To get an idea of just how conservative Matthew Paul Turner’s Independent Baptist upbringing was, consider this:
• In middle school, he “rebelled” by listening to Sandi Patti.
• In high school, he felt so guilty for buying Amy Grant’s Heart in MotionCD that he destroyed it, and then bought it again, five times.
• As a kid, he had to cover his ears at Sea World when Ollie the Otter began dancing to Michael Jackson. (“The beat was syncopated,” explains Turner, “and for a young Independent Fundamental Baptist, few things existed that were more frightful than a syncopated beat.”)
• The first time he set foot in a movie theater, he was 19 years old.
• When his Belmont University professor began quoting Bob Dylan, Turner raised his hand in class and asked, “Should I know who Dylan is?”
If these tidbits make you grin (or cringe), you will love Matthew Paul Turner’s latest book, Hear No Evil: My Story of Innocence, Music, and the Holy Ghost. A collection of anecdotes about Turner’s tumultuous relationship with popular culture through the years, Hear No Evil can best be described as a lighthearted tribute—to growing up, to the evangelical Christian subculture, to music.
It’s been a while since a book made me laugh this much. I found myself reading some of my favorite lines out loud to Dan—“For a lot of Christians, their imaginations are liabilities, like the five senses and genitals” (p.51); “Then my father introduced me to Sam, a thirty-something single man who had recently converted from being Episcopalian to Christianity” (p. 52); “A month or two later Laura and Jesus broke up, and she started dating a nice-looking keyboardist from Arkansas” (p. 156).
Those who grew up in the evangelical subculture will especially appreciate Turner’s stories about accountability groups, contemporary Christian music, and how the Holy Spirit was so involved in the everyday decisions of Christian college students that he appeared to work part-time in Belmont’s admission office.
Of course, Turner is at his best when he turns the joke on himself and connects his personal stories to the universal so that the reader can really relate. In one of the more insightful chapters of the book, Turner explains how he and his college classmates “rebelled” against their upbringing by becoming Calvinists. Writes Turners, “I liked being Calvinist because it made me feel controversial and edgy to believe something different than what my parents believed. On those trips home, I felt like I was experiencing my own little Protestant Reformation, hammering various disagreements I had with my past into my parents’ faces…Reformed doctrine offered a different way to think about God. And sometimes different, even when it really isn’t that different, is all we need to make us feel alive, creative, and in control of our own destiny” (p.131).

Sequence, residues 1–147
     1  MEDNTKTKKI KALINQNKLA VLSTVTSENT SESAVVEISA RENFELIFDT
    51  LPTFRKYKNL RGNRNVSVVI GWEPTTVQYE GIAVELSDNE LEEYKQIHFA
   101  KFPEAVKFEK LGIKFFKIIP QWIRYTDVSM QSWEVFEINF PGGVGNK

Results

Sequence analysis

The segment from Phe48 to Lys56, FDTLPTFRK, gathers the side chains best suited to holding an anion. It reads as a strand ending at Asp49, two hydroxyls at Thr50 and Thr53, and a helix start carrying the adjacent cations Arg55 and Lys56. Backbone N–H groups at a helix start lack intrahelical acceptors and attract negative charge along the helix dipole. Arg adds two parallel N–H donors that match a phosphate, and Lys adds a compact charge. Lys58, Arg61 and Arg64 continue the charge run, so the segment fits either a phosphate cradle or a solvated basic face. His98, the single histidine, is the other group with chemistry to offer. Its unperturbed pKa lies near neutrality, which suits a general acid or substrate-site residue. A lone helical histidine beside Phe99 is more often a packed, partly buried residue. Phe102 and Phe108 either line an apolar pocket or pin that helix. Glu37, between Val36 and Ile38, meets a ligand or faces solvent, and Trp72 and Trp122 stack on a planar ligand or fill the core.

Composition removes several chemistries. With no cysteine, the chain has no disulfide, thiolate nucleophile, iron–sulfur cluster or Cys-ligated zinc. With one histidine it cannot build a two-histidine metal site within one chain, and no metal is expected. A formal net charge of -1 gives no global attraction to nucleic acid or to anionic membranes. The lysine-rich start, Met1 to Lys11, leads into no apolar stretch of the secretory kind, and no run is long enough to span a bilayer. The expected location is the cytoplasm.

I hope that in his next book, Turner does a little more of this, for it transforms his funny, sometimes bizarre anecdotes into more relatable, human stories and makes the reader feel more like a participant and less like an observer.
If you’re looking for a fun, memorable read, be sure to check it out. Hear No Evil will get stuck in your head, like a song you almost forgot you loved.
[This book was provided for review by the WaterBrook Multnomah Publishing Group.]
So, what have you been reading recently? What are some of your favorite books that humorously highlight the idiosyncrasies of your particular religious culture?
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